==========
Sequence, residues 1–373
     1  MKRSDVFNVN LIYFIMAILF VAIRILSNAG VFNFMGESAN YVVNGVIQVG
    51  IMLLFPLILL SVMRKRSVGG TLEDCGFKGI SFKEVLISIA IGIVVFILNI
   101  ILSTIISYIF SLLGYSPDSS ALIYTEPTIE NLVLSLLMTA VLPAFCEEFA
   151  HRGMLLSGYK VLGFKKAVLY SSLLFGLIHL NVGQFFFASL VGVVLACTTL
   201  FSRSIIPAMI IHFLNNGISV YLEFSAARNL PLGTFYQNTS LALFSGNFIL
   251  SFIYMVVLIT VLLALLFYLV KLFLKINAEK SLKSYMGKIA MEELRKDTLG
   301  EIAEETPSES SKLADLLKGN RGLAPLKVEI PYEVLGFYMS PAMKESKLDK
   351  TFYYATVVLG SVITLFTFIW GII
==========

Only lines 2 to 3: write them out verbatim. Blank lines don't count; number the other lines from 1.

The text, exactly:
     1  MKRSDVFNVN LIYFIMAILF VAIRILSNAG VFNFMGESAN YVVNGVIQVG
    51  IMLLFPLILL SVMRKRSVGG TLEDCGFKGI SFKEVLISIA IGIVVFILNI